14 June 2013

Righteous Gentiles ignored - what else?

Had you heard of Varian Fry (before you read this article, I mean)? I had, but I suspect that this makes me a little odd, at least according to this article, because it would appear that being aware of Righteous gentiles is somewhat put of fashion. Although what "fashion" has to do with humanitarianism is beyond me. So be it.

Anyway, "[b]etween 1940 and 1941, working out of a hotel room and later a small office in the French port city of Marseille, Varian Fry rescued hundreds of artists, writers, musicians, composers, scientists, philosophers, intellectuals, and their families from the Nazis, taking enormous personal risks to bring them to the United States. Fry was one of the only American “righteous Gentiles,” a man who voluntarily risked everything to save others, with no personal connection to those he saved. At the age of 32, Fry had volunteered to go to France on behalf of the Emergency Rescue Committee, an ad hoc group of American intellectuals formed in 1940 for the purpose of distributing emergency American visas to endangered European artists and thinkers." Among those whom Fry recsued were Hannah Arendt, Marcel Duchamp, Marc Chagall, Max Ernst, Claude Lévi-Strauss, and André Breton, among some 2000 people in total.

Something, you would think, to celebrate. Not, according to Dara Horn, the author of this piece. It turns out that Horn has interviewed Pierre Sauvage who owes his life to Righteous Gentiles: "Sauvage’s fascination with rescuers comes in part because he owes his life to them. He was born in 1944 in Le Chambon, France, a Huguenot village in the south central part of the country in which the entire town, following the leadership of its Protestant clergy, formed a silent “conspiracy of goodness,” as Sauvage has called it, to shelter Jews from the Nazis. Sauvage’s parents were among the thousands of Jews hidden by the righteous of Le Chambon. His 1989 film Weapons of the Spirit is a documentary about the village; it has become an educational staple that I watched in my high-school French class."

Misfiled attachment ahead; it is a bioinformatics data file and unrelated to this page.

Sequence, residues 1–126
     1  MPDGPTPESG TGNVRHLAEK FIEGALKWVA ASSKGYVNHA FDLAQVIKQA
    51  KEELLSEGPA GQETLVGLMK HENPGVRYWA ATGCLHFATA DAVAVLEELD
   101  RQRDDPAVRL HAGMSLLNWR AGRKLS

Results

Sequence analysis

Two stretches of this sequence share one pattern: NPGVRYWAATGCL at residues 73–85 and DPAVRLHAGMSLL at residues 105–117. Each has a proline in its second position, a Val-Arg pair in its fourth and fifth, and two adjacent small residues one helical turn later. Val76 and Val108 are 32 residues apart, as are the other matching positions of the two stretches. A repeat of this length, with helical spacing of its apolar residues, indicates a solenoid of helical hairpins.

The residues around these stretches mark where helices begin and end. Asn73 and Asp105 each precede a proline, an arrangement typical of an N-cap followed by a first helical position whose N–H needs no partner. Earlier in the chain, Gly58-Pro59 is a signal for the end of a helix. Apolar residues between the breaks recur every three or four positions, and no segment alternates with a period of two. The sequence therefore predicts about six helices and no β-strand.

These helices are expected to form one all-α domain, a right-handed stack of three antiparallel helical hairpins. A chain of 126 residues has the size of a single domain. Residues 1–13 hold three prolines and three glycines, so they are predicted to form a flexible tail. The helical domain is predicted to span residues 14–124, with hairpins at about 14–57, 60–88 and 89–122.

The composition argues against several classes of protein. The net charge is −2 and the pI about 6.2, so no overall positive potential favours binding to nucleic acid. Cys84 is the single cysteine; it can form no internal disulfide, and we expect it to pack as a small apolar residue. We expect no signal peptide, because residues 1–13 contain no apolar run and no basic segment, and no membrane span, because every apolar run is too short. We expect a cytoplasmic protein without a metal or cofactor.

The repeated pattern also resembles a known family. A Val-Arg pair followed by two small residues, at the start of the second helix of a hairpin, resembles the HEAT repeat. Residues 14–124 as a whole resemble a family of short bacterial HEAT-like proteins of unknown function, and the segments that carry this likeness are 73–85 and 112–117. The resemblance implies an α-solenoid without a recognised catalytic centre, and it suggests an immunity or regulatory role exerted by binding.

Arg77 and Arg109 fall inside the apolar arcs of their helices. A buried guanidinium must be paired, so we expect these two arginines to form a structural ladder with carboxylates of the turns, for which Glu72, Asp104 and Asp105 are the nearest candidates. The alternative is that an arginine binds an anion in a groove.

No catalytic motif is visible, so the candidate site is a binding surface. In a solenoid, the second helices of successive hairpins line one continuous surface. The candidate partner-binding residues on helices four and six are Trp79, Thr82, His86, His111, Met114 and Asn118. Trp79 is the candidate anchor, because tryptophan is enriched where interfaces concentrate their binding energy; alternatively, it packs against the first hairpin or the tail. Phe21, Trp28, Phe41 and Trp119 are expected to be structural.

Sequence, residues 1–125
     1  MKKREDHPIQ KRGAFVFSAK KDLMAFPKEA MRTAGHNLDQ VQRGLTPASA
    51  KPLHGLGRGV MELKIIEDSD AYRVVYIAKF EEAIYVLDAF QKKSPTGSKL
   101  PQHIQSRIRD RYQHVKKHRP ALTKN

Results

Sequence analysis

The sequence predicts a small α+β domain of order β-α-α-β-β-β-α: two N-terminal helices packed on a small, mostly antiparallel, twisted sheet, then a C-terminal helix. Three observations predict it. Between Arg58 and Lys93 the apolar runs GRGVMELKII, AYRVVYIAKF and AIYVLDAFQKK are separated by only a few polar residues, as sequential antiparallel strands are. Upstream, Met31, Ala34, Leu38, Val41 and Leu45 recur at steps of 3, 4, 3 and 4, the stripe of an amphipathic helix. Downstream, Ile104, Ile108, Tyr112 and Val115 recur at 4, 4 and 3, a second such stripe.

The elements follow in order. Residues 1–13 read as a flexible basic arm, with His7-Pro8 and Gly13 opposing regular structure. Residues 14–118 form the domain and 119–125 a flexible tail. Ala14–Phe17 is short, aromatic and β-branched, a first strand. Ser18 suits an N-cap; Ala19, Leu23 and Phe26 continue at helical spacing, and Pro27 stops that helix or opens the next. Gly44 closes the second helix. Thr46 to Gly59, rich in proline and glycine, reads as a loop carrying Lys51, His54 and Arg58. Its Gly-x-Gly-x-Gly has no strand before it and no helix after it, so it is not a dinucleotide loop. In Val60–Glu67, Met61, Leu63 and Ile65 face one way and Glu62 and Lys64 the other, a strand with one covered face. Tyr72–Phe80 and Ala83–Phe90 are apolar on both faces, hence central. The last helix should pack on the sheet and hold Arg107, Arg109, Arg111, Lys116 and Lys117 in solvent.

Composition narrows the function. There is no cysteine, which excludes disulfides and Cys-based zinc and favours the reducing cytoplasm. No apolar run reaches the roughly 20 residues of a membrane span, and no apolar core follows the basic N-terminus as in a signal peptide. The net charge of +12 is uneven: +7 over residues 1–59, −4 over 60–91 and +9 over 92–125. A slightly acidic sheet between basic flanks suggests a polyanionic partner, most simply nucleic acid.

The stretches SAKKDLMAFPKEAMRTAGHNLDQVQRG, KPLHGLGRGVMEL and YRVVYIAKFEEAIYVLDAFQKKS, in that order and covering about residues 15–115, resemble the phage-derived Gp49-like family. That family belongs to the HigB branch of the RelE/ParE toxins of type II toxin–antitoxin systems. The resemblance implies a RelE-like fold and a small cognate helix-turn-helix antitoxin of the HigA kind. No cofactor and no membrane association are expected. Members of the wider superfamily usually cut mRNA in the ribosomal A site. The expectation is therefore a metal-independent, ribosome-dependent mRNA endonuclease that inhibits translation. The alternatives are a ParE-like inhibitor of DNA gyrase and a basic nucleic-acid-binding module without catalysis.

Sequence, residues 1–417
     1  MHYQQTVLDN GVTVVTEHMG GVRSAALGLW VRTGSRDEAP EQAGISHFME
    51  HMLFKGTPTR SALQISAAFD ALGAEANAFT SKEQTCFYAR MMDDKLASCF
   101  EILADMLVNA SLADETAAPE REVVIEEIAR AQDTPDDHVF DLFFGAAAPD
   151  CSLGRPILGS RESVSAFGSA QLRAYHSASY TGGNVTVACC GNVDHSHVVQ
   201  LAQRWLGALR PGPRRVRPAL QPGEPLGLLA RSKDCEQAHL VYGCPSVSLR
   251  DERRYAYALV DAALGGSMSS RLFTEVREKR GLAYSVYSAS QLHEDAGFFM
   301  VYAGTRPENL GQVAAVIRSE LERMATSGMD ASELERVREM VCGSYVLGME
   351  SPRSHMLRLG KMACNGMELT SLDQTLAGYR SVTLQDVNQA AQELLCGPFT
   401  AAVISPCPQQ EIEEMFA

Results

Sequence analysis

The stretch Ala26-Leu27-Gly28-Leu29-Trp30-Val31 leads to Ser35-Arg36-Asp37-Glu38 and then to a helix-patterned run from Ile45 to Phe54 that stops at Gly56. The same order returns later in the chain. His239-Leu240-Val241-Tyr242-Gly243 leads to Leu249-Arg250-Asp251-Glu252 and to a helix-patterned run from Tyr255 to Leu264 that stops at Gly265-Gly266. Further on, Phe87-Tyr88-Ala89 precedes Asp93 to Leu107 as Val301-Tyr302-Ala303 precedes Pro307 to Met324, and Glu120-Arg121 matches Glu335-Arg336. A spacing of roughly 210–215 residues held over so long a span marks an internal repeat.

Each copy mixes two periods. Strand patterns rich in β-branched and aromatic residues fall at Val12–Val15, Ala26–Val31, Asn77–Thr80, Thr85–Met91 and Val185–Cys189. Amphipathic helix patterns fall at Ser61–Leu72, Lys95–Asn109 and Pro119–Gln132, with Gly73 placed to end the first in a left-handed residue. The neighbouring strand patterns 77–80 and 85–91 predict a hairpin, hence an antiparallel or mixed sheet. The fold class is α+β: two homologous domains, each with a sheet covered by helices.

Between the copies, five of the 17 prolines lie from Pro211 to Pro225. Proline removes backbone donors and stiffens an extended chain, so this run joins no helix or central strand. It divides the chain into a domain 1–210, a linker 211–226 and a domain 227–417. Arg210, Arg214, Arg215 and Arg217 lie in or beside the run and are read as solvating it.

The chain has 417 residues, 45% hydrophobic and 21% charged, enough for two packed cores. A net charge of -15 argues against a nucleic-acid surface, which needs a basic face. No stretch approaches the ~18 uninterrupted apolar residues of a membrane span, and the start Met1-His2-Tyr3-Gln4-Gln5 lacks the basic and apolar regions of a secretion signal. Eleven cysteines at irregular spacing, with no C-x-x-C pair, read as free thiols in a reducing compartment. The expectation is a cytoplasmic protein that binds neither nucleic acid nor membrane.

The nub of this piece is where the author relates the following from Sauvage: "In 1984, Sauvage helped organize an international conference on the righteous, chaired by Elie Wiesel. “We brought all these righteous Gentiles to Washington,” Sauvage recalled. “In the breaks between sessions, the righteous Gentiles were standing around being ignored by the scholars. No one spoke to them, no one engaged them. How can scholars not be fascinated by these people?”"

What is really worrying is that I suspect that we all know the answer t that question, and it begins with 'because it's J...we're talking about". I'd like to think that that's me being too cynical.

Am I?

By Brian Goldfarb.


SnoopyTheGoon said...

The righteous did the wrong thing to today's scholars. They saved Jews from the Nazis. The only good Jews to scholars are those who died in the camps.

SnoopyTheGoon said...

There's been a sympathetic connection between Jews and Huguenots for a few hundred years, both in France and later in places like South Carolina, probably because both were persecuted by the Roman Catholics of those eras, including the Inquisition.

SnoopyTheGoon said...

They're not really scholars. They're conformists to a particular political viewpoint and to actually behave as scholars would endanger their careers.

SnoopyTheGoon said...

Be it as it may, the article is largely about Jewish scholars, who could have been a bit more compassionate to these folks.

SnoopyTheGoon said...

If anyone is interested, there's at least one book about the village of Le Chambon: "Lest Innocent Blood be Shed: The Story of the Village of Le Chambon and How Goodness Happened There",Philip P. Hallie, and it appears to be still in print. I read it back when it was first published, 20 years ago.

Just imagine, a whole village of righteous gentiles.